KTLitSmart

  • Truth
    Legal Updates

    And The Truth, or Lack Thereof, Shall Set You Free - PART ONE

    In Part One of this blog series, I discuss a case that makes clear the importance of complying with discovery obligations. The Court concluded that Plaintiff’s “extensive misconduct and deception, without any obvious contrition or awareness of the wrongfulness of his conduct” posed a serious risk any further proceedings would be “plagued” by a similar pattern of discovery abuse and deception that would make “it impossible for the district court to conduct a trial with any reasonable assurance that the truth would be available” and ordered Plaintiff’s complaint dismissed with prejudice. Indeed, although the old adage dictates that to the victor go the spoils, there are no spoils and no victory for one who engages in spoliation. 

  • Courthouse
    Legal Updates

    WARNING: Follow Your ESI Protocol Because the Court Will – PART ONE

    A lawsuit has been filed. Both parties have met and negotiated an ESI Protocol that has been formalized as a court order. Your review team has started the initial review and notices there are numerous duplicates. When this is brought to your attention, you discuss with your litigation support team and they suggest de-duplication and email threading as options. Which of the following would steps would be appropriate? In this blog, we'll dive into the next steps in this scenario and the importance of having an ESI Protocol in place.

  • Name Tag
    Technology Advantage

    Insight into Name Normalization: What Is Your Name?

    Assigning a single unique name to identify an individual has created problems that precede the inception of e-discovery. Think of Santa Claus, St. Nicholas, St. Nick, Noel or simply Santa. These variations are associated with a unique individual and yet, our society has been using different names to refer to him since before we were born. In e-discovery, identifying individuals with information relevant to a dispute is one of the first and most important steps we go through at the inception of a case. As such, the identification of the different names for these individuals is critical to ensuring we do not miss potentially relevant files. 

  • Phases
    Legal Updates

    Finding Proportionality in a Phased Approach to E-Discovery

    Two recent decisions highlight the usefulness of phased e-discovery as a tool to satisfy Rule 26(b)(1)’s ever-important proportionality requirement. Model orders for patent cases in numerous courts require phased discovery, typically phasing email discovery to occur after other discovery and only if deemed necessary. However, phased discovery is becoming prevalent in other types of cases as well.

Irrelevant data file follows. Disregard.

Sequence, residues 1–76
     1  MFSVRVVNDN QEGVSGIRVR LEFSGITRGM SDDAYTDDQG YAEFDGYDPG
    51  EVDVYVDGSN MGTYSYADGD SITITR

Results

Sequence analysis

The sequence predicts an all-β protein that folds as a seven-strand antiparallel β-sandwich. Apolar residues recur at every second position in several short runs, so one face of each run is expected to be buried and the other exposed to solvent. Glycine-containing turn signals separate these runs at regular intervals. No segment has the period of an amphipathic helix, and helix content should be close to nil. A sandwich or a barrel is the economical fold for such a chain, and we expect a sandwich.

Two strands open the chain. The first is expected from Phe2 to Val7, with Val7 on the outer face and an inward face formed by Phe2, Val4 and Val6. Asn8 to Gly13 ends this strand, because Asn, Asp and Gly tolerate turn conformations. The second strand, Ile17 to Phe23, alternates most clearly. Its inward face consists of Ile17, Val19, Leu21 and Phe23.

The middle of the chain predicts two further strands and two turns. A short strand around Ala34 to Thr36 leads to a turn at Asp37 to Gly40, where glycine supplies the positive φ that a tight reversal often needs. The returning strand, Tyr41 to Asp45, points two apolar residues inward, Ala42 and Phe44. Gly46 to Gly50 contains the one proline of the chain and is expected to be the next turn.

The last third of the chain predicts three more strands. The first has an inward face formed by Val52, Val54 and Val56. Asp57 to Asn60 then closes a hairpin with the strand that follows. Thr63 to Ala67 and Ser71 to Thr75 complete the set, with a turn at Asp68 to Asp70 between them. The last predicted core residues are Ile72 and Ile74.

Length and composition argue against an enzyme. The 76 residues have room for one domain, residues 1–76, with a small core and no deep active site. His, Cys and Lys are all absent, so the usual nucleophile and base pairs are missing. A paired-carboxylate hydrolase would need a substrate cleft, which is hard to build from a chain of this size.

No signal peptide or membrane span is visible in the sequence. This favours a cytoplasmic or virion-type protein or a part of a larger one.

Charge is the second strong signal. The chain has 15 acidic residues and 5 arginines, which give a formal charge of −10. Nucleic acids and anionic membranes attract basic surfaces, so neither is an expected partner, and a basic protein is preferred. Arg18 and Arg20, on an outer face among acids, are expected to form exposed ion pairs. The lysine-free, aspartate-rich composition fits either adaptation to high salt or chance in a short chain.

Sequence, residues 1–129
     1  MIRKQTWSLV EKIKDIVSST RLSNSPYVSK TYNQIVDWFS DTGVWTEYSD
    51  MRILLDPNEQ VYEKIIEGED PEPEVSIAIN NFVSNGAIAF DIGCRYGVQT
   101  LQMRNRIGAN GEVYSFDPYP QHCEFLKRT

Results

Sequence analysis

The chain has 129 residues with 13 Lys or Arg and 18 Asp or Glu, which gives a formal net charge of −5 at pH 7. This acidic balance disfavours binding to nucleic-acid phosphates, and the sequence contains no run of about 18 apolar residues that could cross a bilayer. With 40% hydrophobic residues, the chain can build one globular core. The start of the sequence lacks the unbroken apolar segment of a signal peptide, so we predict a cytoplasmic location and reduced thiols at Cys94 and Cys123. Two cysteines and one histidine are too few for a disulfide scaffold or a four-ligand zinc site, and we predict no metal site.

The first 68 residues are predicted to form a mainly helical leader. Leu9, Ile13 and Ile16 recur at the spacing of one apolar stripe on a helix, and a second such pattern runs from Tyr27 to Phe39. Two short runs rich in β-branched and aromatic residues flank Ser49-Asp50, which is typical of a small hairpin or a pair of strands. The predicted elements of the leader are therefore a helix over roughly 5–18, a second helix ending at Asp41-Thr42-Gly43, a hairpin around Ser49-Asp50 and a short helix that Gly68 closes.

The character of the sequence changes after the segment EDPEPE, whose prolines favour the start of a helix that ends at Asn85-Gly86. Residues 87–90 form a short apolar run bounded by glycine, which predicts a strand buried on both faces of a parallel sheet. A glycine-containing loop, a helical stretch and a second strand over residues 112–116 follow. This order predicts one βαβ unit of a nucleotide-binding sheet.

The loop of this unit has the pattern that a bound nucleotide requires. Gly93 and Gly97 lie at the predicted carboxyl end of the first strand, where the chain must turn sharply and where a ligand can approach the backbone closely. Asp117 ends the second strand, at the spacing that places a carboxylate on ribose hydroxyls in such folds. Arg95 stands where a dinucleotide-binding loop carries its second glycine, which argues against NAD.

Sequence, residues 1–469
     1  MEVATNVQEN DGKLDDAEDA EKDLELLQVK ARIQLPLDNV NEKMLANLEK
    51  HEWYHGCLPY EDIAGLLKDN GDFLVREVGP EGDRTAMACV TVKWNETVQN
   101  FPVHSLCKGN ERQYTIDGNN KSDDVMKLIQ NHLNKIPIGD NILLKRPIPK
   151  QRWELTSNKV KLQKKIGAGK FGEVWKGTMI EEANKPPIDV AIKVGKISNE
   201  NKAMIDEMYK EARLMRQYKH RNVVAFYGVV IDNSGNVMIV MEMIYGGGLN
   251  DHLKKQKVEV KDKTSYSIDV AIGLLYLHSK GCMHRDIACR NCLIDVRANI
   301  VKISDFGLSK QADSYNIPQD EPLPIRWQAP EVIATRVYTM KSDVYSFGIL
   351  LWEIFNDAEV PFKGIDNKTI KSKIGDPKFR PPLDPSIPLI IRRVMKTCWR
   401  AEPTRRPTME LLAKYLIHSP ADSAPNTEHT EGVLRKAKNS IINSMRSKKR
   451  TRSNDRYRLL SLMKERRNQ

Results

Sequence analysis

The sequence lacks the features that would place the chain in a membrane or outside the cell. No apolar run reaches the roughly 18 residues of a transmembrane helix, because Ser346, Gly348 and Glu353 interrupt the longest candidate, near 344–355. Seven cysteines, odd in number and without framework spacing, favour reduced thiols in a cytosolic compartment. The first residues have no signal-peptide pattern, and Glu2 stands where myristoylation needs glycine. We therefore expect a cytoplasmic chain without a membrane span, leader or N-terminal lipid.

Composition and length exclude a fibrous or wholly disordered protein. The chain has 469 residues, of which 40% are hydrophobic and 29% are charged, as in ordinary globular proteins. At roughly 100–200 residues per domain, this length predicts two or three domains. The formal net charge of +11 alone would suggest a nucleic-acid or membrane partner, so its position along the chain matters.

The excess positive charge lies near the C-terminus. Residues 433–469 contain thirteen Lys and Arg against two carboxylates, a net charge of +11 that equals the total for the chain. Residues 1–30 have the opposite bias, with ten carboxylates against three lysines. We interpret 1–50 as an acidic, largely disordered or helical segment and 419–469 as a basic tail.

• Social Network
    Technology Advantage

    Collection Best Practices - How Multifaceted Software Has Changed E-Discovery

    As our work force has shifted to mobile and remote working practices (a trend in place before COVID, which only accelerated during the pandemic), businesses have turned to collaborative messaging tools such as Slack and various versions of Teams to manage communications. On the positive side, by using these messaging tools, organizations are able to more efficiently discuss ideas and brainstorm solutions. However, when an organization becomes involved in a dispute and those communications are potentially relevant to the dispute and need to be preserved and collected, the process may not be as straightforward as a simple email collection.

  • Gates
    Legal Updates

    So, Are the Gates Up or Down?: Liability under the Computer Fraud and Abuse Act in Van Buren v. United States and Your Business

    Seeking to resolve a split among the Circuits “regarding the scope of liability under the [Computer Fraud and Abuse Act]’s “exceeds authorized access” clause, the Supreme Court granted certiorari to the appeal of Robert Van Buren, a former Georgia police sergeant whose criminal conviction for violating the act was upheld by the Eleventh Circuit in 2019. Under the "gates-up or gates-down" threshold established by the Court's opinion, the access to information relevant to the question of civil or criminal liability under the CFAA is defined by IT permissions. Specifically, the question is now what files or folders within a computer system is an authorized user allowed to access and did that user exceed that authorized access?